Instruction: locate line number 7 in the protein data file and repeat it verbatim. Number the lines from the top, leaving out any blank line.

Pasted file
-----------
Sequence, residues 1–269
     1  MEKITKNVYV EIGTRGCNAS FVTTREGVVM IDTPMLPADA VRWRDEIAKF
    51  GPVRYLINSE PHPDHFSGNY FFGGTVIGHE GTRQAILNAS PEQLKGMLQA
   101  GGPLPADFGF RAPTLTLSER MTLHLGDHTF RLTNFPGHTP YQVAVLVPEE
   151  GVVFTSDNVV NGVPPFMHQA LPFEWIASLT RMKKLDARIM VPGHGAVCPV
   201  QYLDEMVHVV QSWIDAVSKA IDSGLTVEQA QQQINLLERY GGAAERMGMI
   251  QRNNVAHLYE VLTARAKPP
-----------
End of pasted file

   251  QRNNVAHLYE VLTARAKPP